Yesterday was the day of the Richmond Marathon, Half Marathon, and 8k, and Hans ran his very first half marathon.
Hans first mentioned the thought of training for a half marathon after my very first marathon. It was a joke. He really didn't have any interest in training for a half marathon. Then, by the following summer, I was started training for my second marathon and Mom started training for her first 5k. Hans decided to go for it too. He signed up for his first 5k, a small race in his hometown the day before I was to run my second marathon. He challenged himself, and he did quite well. I don't want to necessarily speak for him, but I think he started to seriously consider a half at that point.
Then, he decided to train for the Monument Avenue 10k. He signed up for a training team, and stuck to the program quite well. I trained for that one on my own since I was pregnant at the time, but I ran every step of the race with him. After that race, he was almost ready to sign up for a half marathon.
Then life got crazy. I gave birth to Anna, and then Mom got her diagnosis. I was just getting back in to running, and Hans was just trying to make it through the day. The day before the half training team started neither one of us had signed up. That was also the day Mom had to go to the ER. When we came home, we had a decision to make. Do we do the half marathon? I knew my answer was yes. I needed to do this for me. Hans, however, was considering just doing the 8k. Somehow, though, he decided the half would be alright. I mean, he'd already done a 10k. Why would he take a step back? So, he signed up for the half marathon training team. He'd train on Saturday mornings, and I'd train on Sunday mornings. This way one of us would always be available to watch Anna.
His first 8 mile run was scary because it was a new distance for him. The 11 mile run was problematic because Hans was supposed to work on Saturday. So, we both got up early on Friday morning and I pushed Anna in the stroller while Hans ran next to me. Eleven miles later, we finished just as the sun came up. Then we both showered, got dressed, and headed into work. The twelve mile run seemed like such a long distance, and it was the closest Hans would get to the half marathon distance until race day. I expected him to come home beat and tired, but he did quite well. He rested just a bit, but then he met me at work and we went out for pizza together.
This entire time, I continued training, working on my speed and rebuilding my distance. I was pleased to find that I was starting to improve. The long runs were a little easier than they'd once been, and my shorter runs were definitely getting faster. In just a couple of months, I'd gone from 11 minute miles to 10 minute miles, to the occasional 9:45 minute miles. I wasn't super fast, but I was improving.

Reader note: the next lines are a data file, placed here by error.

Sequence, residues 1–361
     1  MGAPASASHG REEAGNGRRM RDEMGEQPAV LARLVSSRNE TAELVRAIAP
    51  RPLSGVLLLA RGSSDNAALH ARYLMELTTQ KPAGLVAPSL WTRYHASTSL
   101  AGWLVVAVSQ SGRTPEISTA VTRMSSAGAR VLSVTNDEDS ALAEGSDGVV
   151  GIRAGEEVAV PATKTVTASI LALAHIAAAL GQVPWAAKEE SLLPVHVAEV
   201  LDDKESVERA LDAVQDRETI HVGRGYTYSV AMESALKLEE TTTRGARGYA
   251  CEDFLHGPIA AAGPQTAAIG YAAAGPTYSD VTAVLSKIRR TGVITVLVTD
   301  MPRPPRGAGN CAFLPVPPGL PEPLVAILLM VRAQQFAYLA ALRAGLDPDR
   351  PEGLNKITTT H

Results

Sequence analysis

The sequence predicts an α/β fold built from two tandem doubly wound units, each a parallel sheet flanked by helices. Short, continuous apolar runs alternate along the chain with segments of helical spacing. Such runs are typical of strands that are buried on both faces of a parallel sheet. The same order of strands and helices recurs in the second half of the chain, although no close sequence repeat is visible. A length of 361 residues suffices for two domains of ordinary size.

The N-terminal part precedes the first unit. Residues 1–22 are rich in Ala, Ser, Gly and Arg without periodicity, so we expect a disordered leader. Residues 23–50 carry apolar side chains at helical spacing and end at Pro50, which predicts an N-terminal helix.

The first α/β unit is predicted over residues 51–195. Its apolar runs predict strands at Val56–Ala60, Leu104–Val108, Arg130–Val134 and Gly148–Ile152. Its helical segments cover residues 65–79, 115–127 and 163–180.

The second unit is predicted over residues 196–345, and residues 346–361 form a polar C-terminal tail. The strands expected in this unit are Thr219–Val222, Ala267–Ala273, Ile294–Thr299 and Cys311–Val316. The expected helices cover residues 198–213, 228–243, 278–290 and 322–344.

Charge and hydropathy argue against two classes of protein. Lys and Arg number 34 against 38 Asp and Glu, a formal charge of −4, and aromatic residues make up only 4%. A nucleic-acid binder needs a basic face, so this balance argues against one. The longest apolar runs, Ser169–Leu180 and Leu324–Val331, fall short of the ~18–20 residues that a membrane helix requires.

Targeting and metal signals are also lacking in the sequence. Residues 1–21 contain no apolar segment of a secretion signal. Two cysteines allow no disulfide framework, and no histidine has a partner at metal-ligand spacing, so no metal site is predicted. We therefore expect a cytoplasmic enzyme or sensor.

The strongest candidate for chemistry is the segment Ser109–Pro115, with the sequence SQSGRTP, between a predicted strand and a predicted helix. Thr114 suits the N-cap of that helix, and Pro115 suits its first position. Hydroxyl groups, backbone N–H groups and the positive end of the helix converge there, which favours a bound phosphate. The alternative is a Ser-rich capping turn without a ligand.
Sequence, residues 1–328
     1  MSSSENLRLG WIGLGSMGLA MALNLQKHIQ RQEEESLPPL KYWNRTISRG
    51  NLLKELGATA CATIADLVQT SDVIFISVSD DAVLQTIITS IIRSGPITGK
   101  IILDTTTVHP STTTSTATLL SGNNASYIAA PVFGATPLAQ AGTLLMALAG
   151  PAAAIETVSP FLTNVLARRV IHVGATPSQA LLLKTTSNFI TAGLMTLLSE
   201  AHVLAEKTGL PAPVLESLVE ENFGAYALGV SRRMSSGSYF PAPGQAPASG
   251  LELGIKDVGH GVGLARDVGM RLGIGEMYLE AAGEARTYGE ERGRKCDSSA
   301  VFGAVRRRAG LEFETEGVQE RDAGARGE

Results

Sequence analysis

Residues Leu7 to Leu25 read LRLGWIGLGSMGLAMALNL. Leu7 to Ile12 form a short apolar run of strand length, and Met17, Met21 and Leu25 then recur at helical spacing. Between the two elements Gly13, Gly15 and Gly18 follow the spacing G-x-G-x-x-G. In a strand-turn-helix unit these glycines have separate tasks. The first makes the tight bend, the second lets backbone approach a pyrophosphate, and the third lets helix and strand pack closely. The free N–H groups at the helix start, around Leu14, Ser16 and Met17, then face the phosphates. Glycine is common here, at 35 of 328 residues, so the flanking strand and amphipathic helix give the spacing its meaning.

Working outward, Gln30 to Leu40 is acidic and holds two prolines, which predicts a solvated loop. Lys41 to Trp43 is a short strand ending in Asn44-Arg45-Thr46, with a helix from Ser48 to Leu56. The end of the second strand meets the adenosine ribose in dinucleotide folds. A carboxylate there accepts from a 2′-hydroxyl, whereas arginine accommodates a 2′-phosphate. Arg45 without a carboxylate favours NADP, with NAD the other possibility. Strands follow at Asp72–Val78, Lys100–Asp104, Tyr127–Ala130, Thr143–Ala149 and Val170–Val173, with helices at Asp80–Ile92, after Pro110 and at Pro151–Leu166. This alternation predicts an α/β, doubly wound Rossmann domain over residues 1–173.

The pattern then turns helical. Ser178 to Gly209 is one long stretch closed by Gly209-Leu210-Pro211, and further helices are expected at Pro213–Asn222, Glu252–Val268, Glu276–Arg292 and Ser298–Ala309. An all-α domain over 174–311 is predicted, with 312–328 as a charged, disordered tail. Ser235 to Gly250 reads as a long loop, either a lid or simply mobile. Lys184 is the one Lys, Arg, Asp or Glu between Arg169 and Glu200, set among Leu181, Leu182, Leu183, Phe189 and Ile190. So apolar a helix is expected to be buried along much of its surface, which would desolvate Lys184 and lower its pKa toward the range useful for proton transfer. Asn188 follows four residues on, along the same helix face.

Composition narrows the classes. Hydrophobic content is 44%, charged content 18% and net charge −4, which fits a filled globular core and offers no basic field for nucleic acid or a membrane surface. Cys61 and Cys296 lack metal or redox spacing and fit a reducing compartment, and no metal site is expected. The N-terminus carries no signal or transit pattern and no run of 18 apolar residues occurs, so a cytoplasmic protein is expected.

Then came race day. We'd had beautiful weather in the weeks leading up to race day, but the actual day of the race was COLD. Well, at least for Virginia it was cold. When we woke up, I checked the temperature: 27 degrees Fahrenheit...brrrrrrr! We went about our usual morning routine, and then my dad and his girlfriend arrived at our house. We gathered everything together, piled into the van, and went to the race start. I think we timed things perfectly, because we arrived just as the race was starting...no waiting around in the cold for us!
We started things out at a nice slow pace. I told Hans I'd stick with him for the first half mile or so, but since we'd agreed ahead of time to each run our own race, I'd take my own pace after that first half mile. At the half mile mark, I sped up just a bit, and Hans made sure he was on his target pace for that point.
One thing I noticed was how long it was taking my legs to warm up. The cold weather was definitely affecting me, but I had no other choice but to just keep running. I focused on lifting my legs and how my feet were striking the ground. Around mile 4 the course made a big loop, and I realized I might get to see Hans. I kept searching the sea of runners heading the opposite direction, and then I spotted him. He looked great and had a big smile on his face. We exchanged some happy words, and then we kept on running.
There were some happy moments for me along the run, and I hope to tell you about them in another post, but the important thing I'll note is that I finished under my goal time. Yay!! Then, I found my family, snuggled Anna, and waited for Hans to finish. The race ends at the bottom of a tall hill, so I kept looking at the top of the hill, hoping I'd see Hans as he ran down. Then, after a little bit of time, I saw a blonde head and a green shirt. Yes! There was Hans! He was coming down the final stretch!
I held Anna over my head, pointed Hans out to my family, and screamed his name over and over. GO HANS!!! GOOOO!!!!! He still didn't see me. I watched as he came in strong and finally crossed that beautiful finish. HANS! HANS! OVER HERE! He was finally at a decent angle where we weren't back lit by the sun. He looked over, grinned, and waived. I brought Anna in close to me and told my family that I was going to go meet up with him. I ran down to the end of the chute, and there he was. "How do you feel?" I asked. "Hurt." "You poor thing! I'm so proud of you!"
The 13.1 miles he'd just run did not go as well as his 12 miler. He was technically within his goal, but it was hard. The cold had gotten to him, the week leading up was hard, and the end result was simply that he was tired...so tired. He walked...slowly through the photographers. I'd ask him if he wanted to have his picture taken and he'd say, "OK." We'd stop, take a few pictures, and then he'd practically beg to keep walking. I sent my family over to the training team tent, and I led him to the food. Ah, beautiful post-race pizza!
|A tired, but happy post-race family.|
|Post race exhaustion.|